Justin Grogg was in town from Panama City on a business trip when he and a colleague went out on the town to sample the local fare. They went to the Red Lobster at Stemmons and Northwest Highway, and Grogg ordered a Budweiser.
Grogg says it took only a second for him to realize that the burning sensation in his throat, esophagus and stomach was something more than the tingle of carbonation. He was rushed to the hospital, where he was treated for inflammation and ulceration of his esophagus and pharynx. The pain eventually subsided, but doctors told him his future would likely be plagued by infections, acid reflux and difficulty swallowing.
The burning was not, as the beer snobs among us will soon suggest, caused by the general odiousness of mass-produced American lager. It was caused instead by the mouthful of potassium hydroxide Grogg got when he sipped his beer.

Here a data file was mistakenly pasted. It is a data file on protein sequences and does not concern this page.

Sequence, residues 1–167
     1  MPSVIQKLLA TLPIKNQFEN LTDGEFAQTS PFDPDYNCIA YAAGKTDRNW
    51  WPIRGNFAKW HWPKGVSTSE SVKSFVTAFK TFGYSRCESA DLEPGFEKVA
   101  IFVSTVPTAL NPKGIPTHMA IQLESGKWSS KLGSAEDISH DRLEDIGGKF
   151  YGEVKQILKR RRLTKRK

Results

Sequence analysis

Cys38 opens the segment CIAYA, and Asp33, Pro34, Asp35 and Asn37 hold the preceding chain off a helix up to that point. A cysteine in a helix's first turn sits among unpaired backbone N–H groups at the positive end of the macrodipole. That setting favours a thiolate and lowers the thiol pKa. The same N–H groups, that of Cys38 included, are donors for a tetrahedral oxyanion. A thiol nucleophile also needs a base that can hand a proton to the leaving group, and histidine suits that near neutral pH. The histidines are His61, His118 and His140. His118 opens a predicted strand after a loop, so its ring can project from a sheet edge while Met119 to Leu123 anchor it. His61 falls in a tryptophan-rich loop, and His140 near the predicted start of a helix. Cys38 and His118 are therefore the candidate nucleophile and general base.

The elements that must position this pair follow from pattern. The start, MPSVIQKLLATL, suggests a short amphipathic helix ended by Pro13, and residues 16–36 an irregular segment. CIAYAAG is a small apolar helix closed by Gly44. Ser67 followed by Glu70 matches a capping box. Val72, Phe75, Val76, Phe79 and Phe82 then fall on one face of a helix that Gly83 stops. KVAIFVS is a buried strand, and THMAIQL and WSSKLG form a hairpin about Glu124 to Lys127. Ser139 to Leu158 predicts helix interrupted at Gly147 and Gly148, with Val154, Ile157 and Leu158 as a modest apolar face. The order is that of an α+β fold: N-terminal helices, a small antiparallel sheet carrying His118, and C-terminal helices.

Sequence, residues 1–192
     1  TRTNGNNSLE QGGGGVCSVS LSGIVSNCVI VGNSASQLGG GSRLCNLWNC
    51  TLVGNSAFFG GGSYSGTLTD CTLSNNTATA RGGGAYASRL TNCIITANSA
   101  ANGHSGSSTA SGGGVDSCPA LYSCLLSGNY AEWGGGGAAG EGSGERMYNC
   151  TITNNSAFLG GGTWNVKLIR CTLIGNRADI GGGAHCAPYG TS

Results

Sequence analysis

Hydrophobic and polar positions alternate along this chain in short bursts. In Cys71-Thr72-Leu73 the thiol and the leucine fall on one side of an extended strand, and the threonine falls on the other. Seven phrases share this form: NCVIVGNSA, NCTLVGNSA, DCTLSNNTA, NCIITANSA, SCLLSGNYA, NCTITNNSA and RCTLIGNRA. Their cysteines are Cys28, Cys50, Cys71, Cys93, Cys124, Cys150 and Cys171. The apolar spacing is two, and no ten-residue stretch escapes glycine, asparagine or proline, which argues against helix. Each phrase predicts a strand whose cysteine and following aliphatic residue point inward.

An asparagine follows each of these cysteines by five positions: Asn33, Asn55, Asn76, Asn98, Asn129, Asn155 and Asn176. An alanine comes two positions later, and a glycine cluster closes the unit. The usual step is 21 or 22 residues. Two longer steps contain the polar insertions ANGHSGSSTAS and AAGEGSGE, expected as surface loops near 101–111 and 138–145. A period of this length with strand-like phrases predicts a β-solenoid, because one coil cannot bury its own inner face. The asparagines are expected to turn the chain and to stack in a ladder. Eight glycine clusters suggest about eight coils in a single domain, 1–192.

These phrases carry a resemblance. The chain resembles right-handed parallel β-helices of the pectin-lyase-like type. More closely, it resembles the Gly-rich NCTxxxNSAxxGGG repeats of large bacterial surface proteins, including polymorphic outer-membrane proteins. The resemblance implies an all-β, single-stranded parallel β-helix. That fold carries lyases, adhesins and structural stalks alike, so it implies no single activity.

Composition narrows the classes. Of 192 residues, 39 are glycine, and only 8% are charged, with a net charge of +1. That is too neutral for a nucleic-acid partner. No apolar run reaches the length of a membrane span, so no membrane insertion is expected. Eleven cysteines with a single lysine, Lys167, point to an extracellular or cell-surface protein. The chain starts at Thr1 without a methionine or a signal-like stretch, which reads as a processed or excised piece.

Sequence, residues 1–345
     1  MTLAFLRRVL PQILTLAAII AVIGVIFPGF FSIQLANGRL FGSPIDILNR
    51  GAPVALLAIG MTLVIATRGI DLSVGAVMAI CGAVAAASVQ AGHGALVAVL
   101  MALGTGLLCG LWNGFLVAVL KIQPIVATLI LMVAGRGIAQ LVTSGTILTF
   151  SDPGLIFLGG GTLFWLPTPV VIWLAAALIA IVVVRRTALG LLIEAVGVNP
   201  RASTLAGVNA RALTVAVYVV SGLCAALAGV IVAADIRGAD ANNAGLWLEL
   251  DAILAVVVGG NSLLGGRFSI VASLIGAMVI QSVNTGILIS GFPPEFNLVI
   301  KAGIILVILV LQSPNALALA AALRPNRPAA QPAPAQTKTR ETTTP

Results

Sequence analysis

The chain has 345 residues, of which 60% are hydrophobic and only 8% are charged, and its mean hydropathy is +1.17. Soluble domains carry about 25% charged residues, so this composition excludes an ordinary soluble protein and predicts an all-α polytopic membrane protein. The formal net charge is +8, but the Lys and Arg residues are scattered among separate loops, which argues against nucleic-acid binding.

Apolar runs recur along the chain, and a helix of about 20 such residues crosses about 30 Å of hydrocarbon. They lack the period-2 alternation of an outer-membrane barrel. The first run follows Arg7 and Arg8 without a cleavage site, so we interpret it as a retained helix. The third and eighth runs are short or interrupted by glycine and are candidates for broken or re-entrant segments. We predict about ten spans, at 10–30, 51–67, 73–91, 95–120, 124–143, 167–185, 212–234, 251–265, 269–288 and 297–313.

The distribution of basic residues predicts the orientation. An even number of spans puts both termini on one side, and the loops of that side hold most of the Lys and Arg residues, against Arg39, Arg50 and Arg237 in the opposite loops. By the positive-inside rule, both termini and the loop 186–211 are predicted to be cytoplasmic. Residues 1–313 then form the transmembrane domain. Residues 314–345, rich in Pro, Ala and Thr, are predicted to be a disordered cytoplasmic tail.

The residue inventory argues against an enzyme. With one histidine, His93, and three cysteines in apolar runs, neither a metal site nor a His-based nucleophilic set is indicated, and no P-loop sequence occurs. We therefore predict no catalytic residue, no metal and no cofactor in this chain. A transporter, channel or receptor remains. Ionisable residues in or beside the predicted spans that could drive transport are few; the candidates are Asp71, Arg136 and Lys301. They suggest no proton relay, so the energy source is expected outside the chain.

In a lawsuit filed last week in Dallas County, he says the restaurant had used the lye-like cleaning agent to disinfect the Budweiser keg that morning but had failed to properly rinse the container before refilling it with the beer Grogg would later drink.
We Believe Local Journalism is Critical to the Life of a City
Engaging with our readers is essential to the Observer's mission. Make a financial contribution or sign up for a newsletter, and help us keep telling Dallas's stories with no paywalls.
Support Our Journalism
So Grogg is suing both Ben E. Keith, the supplier that cleaned the kegs, and Red Lobster, which served him the corrosive beer. He's seeking compensation for mental and physical suffering, emotional distress and medical expenses.